Remembering Elizabeth Cady Stanton

 

Elizabeth Cady Stanton, 11/12/1815-10/26/1902
Photo: Wikipedia

A nineteenth-century father, whose young son had just died, sat grieving in a darkened parlor.   Seeking to comfort him, his eleven-year-old daughter sat on his lap, her head resting against his chest.  With his arm around her, this father took in a deep breath and said, “Oh, my daughter, I wish you were a boy.”

Searing emotional pain rushed through the young girl.  Still in her formative years and deeply devoted to her father, she wondered: Why would my father say these hurtful words to me?  Why do I not measure up to my brother?  Though unable to answer her questions, she was eager to fill the emptiness of grief in her father’s breast.  “I will try to be all my brother was,” she uttered.  And so she did.

She achieved honors in Greek.   She learned to ride horseback.  She carried out her promise to be all her brother was, but she never heard from her father the words she longed to hear:  “a girl is as good as a boy.”   The tears she hid from him contained the hurt and confusion she felt.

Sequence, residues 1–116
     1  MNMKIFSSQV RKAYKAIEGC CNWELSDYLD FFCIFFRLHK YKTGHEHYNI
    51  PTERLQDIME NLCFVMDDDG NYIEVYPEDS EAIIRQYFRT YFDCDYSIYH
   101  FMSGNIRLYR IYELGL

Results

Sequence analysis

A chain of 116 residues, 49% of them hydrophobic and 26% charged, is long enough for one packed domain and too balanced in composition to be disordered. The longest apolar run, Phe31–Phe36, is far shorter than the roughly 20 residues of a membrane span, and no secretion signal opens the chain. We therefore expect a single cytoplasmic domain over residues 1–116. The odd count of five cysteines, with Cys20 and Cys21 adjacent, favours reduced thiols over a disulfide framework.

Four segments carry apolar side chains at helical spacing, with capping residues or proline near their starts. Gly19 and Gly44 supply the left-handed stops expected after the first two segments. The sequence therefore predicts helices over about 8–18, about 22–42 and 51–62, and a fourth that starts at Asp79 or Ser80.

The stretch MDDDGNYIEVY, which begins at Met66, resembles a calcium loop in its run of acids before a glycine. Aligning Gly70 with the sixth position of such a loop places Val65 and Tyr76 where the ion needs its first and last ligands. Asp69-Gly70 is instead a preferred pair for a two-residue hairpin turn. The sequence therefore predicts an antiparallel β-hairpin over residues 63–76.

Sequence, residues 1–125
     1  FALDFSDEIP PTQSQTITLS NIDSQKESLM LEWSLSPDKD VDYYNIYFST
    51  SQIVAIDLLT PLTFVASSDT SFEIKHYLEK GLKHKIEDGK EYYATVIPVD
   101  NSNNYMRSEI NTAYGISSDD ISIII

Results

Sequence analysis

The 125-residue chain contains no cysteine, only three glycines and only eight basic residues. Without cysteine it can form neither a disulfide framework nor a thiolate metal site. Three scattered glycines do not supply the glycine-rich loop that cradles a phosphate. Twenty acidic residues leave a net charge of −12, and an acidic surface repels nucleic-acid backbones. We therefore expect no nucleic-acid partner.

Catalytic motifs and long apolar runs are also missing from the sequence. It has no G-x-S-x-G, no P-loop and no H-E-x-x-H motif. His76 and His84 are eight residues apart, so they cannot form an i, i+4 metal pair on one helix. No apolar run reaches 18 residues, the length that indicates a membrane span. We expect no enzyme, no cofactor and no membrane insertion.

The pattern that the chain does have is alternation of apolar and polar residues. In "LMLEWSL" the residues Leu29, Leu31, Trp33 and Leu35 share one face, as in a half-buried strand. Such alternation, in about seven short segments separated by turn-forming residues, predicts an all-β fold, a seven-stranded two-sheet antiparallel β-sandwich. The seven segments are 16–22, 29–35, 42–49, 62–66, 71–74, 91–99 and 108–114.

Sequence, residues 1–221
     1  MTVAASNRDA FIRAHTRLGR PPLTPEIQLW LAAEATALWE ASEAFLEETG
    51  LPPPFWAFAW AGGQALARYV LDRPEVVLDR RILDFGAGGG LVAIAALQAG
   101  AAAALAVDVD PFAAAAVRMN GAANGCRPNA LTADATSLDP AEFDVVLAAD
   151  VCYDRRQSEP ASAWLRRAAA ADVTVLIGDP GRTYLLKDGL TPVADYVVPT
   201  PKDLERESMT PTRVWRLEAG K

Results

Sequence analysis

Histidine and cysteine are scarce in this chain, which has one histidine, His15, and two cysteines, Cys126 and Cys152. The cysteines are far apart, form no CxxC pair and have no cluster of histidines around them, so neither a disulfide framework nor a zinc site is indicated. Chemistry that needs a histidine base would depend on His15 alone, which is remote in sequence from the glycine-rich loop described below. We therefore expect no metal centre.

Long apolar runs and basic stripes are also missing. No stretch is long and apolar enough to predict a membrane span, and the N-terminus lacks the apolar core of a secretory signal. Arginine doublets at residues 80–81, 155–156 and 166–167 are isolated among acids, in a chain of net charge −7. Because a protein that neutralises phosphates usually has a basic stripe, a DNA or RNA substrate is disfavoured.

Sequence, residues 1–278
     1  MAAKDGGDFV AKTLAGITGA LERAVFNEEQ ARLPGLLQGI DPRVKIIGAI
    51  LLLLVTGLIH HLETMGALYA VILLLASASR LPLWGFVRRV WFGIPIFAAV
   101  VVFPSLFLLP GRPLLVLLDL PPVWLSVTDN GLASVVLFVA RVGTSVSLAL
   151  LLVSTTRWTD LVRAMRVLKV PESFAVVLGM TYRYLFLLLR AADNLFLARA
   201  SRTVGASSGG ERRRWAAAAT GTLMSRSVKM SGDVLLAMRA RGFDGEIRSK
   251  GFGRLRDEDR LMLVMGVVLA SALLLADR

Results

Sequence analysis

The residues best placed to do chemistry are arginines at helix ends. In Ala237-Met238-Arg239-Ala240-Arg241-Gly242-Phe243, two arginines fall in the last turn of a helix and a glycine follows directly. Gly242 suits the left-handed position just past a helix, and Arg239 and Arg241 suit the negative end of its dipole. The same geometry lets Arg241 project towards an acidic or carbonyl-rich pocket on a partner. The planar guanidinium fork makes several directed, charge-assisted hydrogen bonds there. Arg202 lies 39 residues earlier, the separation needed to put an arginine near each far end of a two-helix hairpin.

This little girl was Elizabeth Cady, who later became Elizabeth Cady Stanton.  The impact of her father’s words, though painful, helped serve as the passion and drive for the life she lived and the work she pursued. 

Stanton grew to be a gifted writer and orator.  Along with her close friend and colleague,

Stanton with close friend Susan B. Anthony
Photo: Wikipedia

Susan B. Anthony, Stanton worked tirelessly to challenge the culture that oppressed the voices of women.  She kept busy traveling, writing, and giving speeches on behalf of women’s rights, especially the right to vote.   One of her first accomplishments, done in collaboration with four other young women, was to organize the first women’s rights convention, held in Seneca, New York, on July 19-20, 1848.

In this month of Stanton’s birth, I remember her with admiration for her outspokenness, determination, perseverance, and courage to work passionately for what she deeply believed in.   

I must do the same.

“If we consider [a woman] as a citizen, as a member of a great nation, she must have the same rights as all other members, according to the fundamental principles of our government”   –Elizabeth Cady Stanton

 

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